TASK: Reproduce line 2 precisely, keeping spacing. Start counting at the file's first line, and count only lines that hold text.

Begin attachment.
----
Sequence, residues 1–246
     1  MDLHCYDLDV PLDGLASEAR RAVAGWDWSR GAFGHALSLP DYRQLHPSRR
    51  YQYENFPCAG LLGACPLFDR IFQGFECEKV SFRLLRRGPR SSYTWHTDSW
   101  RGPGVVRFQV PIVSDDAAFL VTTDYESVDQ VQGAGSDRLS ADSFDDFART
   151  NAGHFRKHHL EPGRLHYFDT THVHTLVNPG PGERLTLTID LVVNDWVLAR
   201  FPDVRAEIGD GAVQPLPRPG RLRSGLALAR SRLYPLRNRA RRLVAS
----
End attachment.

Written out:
     1  MDLHCYDLDV PLDGLASEAR RAVAGWDWSR GAFGHALSLP DYRQLHPSRR